Thursday, February 18, 2010

Tips for Maximum Southern BBQ Enjoyment

By: a Northerner By Birth But Southerner By Choice

For: Midwesterners, Yankees, Hoosiers, West Coasties, and anyone who needs to know

1. BBQ Means Low and Slow- Many people misuse the word BBQ. If you plan on having some people over and throwing some hot dogs and hamburgers on the grill you are not having a BBQ. Repeat after me: BBQ means low and slow. The ribs, pulled pork, and brisket you get at a BBQ restaurant have been cooked for hours and hours, maybe even DAYS!

2. Pink Means Smoked- In this case, pink meat does not mean "CALL THE HEALTH DEPARTMENT", it means your meat has been smoked to maximum tastiness, usually the pinker, the better.

3. Don't be Scared by Crappy Exterior - Most tasty BBQ places are in tiny little buildings on the outskirts of town. Don't be surprised to see a collection of fat smiley pig figurines. My all time favorite BBQ restaurant, Oklahoma Joe's in Kansas City is in a gas station. I am always skeptical of "fancier" BBQ joints, but there are some good ones, try The Pit in Raleigh, NC.

4. Coleslaw on the Pork = YUM - When I first saw people put coleslaw on their pulled pork sandwiches I thought it seemed weird. Don't knock it till you try it! It adds some cool freshness to your hot and spicy pork. Once my mom asked if she could get her coleslaw on the side instead of on the sandwich, and the waitress told her that if she wanted it on the sandwich, it was included, but if it was on the side, it cost extra! (This was years ago but I believe it occurred at Allen & Sons).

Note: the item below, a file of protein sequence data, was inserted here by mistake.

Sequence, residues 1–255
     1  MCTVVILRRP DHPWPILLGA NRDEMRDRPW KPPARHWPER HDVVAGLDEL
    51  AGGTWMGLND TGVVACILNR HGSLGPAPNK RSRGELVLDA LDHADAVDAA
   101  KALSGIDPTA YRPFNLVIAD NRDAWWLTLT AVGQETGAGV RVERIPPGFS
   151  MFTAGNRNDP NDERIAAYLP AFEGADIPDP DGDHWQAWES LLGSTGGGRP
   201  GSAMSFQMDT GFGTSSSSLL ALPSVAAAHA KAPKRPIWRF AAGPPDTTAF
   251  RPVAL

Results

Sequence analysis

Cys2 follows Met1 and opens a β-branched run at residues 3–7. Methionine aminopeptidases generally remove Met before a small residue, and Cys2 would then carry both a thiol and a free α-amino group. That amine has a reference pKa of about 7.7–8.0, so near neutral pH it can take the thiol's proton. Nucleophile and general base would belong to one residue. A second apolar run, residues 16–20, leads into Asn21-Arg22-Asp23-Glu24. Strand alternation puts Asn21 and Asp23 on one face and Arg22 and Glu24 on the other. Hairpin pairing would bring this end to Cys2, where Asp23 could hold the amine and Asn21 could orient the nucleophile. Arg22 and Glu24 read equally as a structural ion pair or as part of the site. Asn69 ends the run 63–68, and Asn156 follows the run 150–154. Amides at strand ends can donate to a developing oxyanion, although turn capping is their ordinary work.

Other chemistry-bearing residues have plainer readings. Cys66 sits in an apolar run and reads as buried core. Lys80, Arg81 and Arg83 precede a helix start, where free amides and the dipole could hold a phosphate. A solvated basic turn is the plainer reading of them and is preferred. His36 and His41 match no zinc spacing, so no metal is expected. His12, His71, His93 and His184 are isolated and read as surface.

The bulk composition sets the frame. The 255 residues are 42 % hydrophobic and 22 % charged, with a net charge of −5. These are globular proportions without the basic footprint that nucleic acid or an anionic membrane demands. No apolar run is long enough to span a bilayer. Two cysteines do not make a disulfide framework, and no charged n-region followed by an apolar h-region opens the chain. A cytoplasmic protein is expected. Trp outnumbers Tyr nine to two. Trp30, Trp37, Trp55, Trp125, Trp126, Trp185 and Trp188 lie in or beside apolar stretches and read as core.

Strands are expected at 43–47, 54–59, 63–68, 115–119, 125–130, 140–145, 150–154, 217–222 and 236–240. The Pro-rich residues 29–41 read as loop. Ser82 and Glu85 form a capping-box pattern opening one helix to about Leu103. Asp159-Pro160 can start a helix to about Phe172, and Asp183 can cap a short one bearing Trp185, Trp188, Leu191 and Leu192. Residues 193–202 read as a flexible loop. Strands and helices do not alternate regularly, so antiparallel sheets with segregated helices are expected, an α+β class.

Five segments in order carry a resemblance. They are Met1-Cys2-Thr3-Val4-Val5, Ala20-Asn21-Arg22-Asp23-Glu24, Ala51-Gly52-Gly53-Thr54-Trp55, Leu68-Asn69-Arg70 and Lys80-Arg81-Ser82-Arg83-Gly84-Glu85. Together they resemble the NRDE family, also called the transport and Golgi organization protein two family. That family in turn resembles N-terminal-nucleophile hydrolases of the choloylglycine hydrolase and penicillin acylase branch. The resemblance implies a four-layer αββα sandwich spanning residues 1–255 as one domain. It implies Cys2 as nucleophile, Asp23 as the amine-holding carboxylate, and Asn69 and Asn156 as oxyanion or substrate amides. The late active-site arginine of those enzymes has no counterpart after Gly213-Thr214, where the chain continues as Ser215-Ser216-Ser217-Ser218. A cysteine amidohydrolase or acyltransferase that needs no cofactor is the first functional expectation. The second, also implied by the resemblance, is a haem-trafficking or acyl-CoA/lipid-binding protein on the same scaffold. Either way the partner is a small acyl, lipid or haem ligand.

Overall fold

5. Choose Sides Wisely / Get Your Own Dang Coleslaw- Most places allow you to choose 2 (or more) sides to go with your meat. While side choices are personal, I always get coleslaw if I am having pulled pork and it doesn't come on the sandwich (see tip on coleslaw). I demonstrated the coleslaw on pork technique to my BF and he proceeded to eat all my coleslaw. Don't get me wrong, I love sharing food, but there's a limit- get your own coleslaw! In addition to coleslaw, I usually go with something unique and southern.... sweet potato fries are a favorite, and Olde Time BBQ in NC has apple pie sticks- fried batter filled with apples and cinnamon, yum!

6. BBQ Sauces Vary by Region- Each region has its own BBQ sauce "style". They come in different colors- red, yellow, white- and different flavors - sweet, tangy, or a combination. Here is a fun song to help you learn the types of BBQ. Sadly, they fail to mention MY home state of Virginia! In case you were curious, I think that Virginia mostly takes after North Carolina in our BBQ tastes- usually vinegar based, but sometimes you can find some red, sweet BBQ sauce.

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